Ask the Vet – When to wean a foal

March 4, 2020

DAN: “What age would you
recommend weaning a mini colt? Can late weaning
cause health issues? And first, I am going
to say by cashew_butter, please send us a photo
of your mini colt. DR LYDIA GRAY: I thought you
were going to say a sample– please send us a
sample of cashew_butter DAN: No. I mean, if you wanted to. But a picture of the mini colt
because that sounds adorable. DR LYDIA GRAY: We
brought a mini halter, DAN: I mean– DR LYDIA GRAY: –which
we thought was cute, but– but this is a full-sized– she’s talking about a
mini weanling, a foal. This is an adult.
So, even smaller. DAN: So we need to tighten
this up a little bit. DR LYDIA GRAY: I know. I know. So, all right. When you talk about
weaning, no matter what you are equine size,
it’s when and it’s how. So the when– turns
out in the wild, they will begin weaning at
pretty late, eight months. DAN: Oh, OK. Wow. DR LYDIA GRAY: And it might
go as long as two years until the foal, weanling,
is two years old. DAN: Wow. DR LYDIA GRAY: So yeah,
it’s very gradual. And it’s more like they stick
around for not the nutrition, because there’s none. They stick around
for the companionship and the safety and the– DAN: Of being in a herd. DR LYDIA GRAY: –it’s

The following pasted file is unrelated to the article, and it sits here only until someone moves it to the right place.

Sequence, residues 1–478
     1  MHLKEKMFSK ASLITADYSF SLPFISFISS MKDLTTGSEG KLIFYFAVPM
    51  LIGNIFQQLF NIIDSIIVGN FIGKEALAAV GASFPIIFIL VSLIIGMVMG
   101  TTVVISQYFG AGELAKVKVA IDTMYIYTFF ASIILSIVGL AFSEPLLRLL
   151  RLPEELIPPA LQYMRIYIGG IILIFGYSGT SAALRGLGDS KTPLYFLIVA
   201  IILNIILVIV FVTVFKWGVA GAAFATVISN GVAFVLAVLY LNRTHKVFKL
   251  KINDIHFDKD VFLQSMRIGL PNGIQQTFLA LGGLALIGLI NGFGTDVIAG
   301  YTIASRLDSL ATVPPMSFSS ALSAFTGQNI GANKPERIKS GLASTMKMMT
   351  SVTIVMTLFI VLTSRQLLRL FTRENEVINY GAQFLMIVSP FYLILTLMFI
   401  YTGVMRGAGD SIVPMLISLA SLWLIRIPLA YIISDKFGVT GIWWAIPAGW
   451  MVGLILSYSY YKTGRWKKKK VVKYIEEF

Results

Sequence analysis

my mom and comfort. If there’s something
scary, I go back to my mom. So that’s why they do it. In domesticated horses, it’s
more like the range is about– I’ve seen as early as
three months to six months. And I would say the majority
are in the four to five month range. Is that– DAN: Yeah. DR LYDIA GRAY: OK. But it has to do with your
farm, your setup, and the people that you have around you
and the horses themselves. So is your foal ready physically
and mentally and emotionally and socially to be
a grown-up horse? I mean, some are ready at three
months– they’re precocious– and some, you might
wait until seven months because they’re just not
developed their emotional intelligence is not there. They don’t know
how to be a horse. DAN: But say some you
see when they’re a little are a little more adventurous. They’re a little
more willing to– DR LYDIA GRAY:
That’s exactly right. DAN: –go away from Mom
to explore something– DR LYDIA GRAY:
That’s exactly right. DAN: –some are right
on mom the entire time. DR LYDIA GRAY: Yep. So the ones that are more
adventurous, independent, confident, you
could wean earlier. And the ones that need a little
bit more time, well, then give them that more
time because there’s no evidence that late, whatever
you define as late, weaning has any health– any negative effects. The only negative
effect I could think of was that maybe the mare– because lactation or
milk is one of the– where she’ll use
the most calories in her life, more than breeding,
more than high performance. It does literally suck the
nutrition out of horses. So they’ll lose weight. They’ll look kind of bad. But the advice I saw was
don’t wean based on that. Maybe just try to get more
nutrition into the mare. Feed her more. But really, the foal is not–
the peak milk is at six weeks. DAN: Six weeks? OK. DR LYDIA GRAY: Six weeks. So by three months,